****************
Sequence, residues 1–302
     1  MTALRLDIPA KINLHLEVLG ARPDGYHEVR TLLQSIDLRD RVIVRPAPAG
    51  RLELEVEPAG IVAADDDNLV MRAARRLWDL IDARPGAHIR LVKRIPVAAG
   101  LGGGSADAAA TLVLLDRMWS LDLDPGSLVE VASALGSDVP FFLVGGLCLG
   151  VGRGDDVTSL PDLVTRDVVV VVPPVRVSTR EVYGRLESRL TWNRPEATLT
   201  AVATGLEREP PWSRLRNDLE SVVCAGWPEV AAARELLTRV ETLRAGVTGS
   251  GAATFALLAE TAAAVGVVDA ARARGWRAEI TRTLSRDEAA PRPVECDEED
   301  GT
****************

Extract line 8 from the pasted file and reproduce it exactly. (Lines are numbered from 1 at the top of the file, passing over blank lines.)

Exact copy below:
   301  GT